From UPSC perspective, the following things are important :
Prelims level : Excise duty
Mains level : Crude oil pricing dynamics
In a move which would help the government to raise excise duty on fuel further in future, the government has raised the cap on special additional excise duty on petrol and diesel. These changes are as per the amendments in the Finance Bill passed in the Parliament.
Why such move?
- Government is increasing duties on petrol and diesel to raise revenues in view of a tight fiscal situation.
- Slump in global crude oil prices, alongside possibility of a global economic recession, has forced the government to look for avenues to raise revenues to support growth.
- With major companies going for production shut downs, industry players have suggested the government to boost fiscal stimulus in the wake of demand collapse triggered by the coronavirus.
- Earlier, Saudi Arabia had triggered the crash in prices by announcing a sharp increase in oil production after Russia declined to reduce oil supply to contain a fall in oil prices due to declining demand in a meeting of petroleum exporting countries.
Impact of the move
- Every rupee hike in excise duty is expected to yield roughly Rs 13,000-14,000 crore annually.
- The slump in global crude oil prices enables the government to raise these duties substantially without immediately putting the burden on the consumer.
- But there is expected to be a demand slowdown for fuels with a nearly country wide lockdown in the wake of coronavirus.
- With airlines, railways, trucks and passenger cars going off the roads, petrol, diesel and ATF (aviation turbine fuel) consumption is expected to fall drastically.
What is Excise Duty?
- Excise duty is a form of tax imposed on goods for their production, licensing and sale.
- It is the opposite of Customs duty in sense that it applies to goods manufactured domestically in the country, while Customs is levied on those coming from outside of the country.
- At the central level, excise duty earlier used to be levied as Central Excise Duty, Additional Excise Duty, etc.
- Excise duty was levied on manufactured goods and levied at the time of removal of goods, while GST is levied on the supply of goods and services.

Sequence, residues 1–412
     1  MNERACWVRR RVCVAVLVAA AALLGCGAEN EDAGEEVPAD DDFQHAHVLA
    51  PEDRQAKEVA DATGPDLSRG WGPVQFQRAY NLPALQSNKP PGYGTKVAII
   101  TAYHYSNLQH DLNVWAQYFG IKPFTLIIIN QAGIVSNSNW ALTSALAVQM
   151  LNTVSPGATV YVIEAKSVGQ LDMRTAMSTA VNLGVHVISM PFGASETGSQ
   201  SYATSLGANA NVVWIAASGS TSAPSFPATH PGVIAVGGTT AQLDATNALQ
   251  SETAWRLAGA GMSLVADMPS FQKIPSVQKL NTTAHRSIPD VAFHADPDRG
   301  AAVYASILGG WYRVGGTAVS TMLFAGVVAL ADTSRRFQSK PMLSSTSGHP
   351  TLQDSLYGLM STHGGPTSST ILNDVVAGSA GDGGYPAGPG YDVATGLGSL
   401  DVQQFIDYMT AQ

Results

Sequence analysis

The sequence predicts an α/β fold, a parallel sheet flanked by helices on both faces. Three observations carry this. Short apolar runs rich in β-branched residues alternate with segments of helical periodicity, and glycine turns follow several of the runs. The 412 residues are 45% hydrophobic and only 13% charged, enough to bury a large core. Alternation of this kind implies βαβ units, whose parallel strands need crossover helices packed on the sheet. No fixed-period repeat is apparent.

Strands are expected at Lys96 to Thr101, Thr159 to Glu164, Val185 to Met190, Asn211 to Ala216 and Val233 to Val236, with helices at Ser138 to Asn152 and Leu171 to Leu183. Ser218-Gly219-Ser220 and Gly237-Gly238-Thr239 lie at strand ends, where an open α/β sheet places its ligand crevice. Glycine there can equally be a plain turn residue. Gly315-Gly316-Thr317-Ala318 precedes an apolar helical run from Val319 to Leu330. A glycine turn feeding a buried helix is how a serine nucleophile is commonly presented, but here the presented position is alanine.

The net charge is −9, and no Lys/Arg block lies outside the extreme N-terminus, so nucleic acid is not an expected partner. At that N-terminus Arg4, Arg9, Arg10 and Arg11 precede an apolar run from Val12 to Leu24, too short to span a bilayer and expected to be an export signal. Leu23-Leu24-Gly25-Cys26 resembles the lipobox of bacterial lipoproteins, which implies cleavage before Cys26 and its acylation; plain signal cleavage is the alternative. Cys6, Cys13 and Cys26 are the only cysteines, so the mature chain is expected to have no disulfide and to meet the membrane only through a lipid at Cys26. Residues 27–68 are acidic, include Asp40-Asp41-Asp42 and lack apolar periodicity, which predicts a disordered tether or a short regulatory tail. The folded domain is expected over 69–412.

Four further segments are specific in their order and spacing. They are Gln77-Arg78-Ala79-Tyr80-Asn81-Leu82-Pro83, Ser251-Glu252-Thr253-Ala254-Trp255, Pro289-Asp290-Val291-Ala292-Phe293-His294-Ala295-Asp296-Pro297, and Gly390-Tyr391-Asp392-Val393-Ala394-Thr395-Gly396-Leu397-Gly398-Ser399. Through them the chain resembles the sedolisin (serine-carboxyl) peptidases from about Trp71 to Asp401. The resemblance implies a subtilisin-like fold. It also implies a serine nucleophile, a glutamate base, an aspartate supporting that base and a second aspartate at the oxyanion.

Purview of excise duty
- The GST introduction in July 2017 subsumed many types of excise duty.
- Today, excise duty applies only on petroleum and liquor.
- Alcohol does not come under the purview of GST as exclusion mandated by constitutional provision.
- States levy taxes on alcohol according to the same practice as was prevalent before the rollout of GST.
- After GST was introduced, excise duty was replaced by central GST because excise was levied by the central government. The revenue generated from CGST goes to the central government.
Types of excise duty in India
Before GST kicked in, there were three kinds of excise duties in India.
Basic Excise Duty
- Basic excise duty is also known as the Central Value Added Tax (CENVAT). This category of excise duty was levied on goods that were classified under the first schedule of the Central Excise Tariff Act, 1985.
- This duty was levied under Section 3 (1) (a) of the Central Excise Act, 1944. This duty applied on all goods except salt.
Additional Excise Duty
- Additional excise duty was levied on goods of high importance, under the Additional Excise under Additional Duties of Excise (Goods of Special Importance) Act, 1957.
- This duty was levied on some special category of goods.
Special Excise Duty
- This type of excise duty was levied on special goods classified under the Second Schedule to the Central Excise Tariff Act, 1985.
- Presently the central excise duty comprises of a Basic Excise Duty, Special Additional Excise Duty and Additional Excise Duty (Road and Infrastructure Cess) on auto fuels.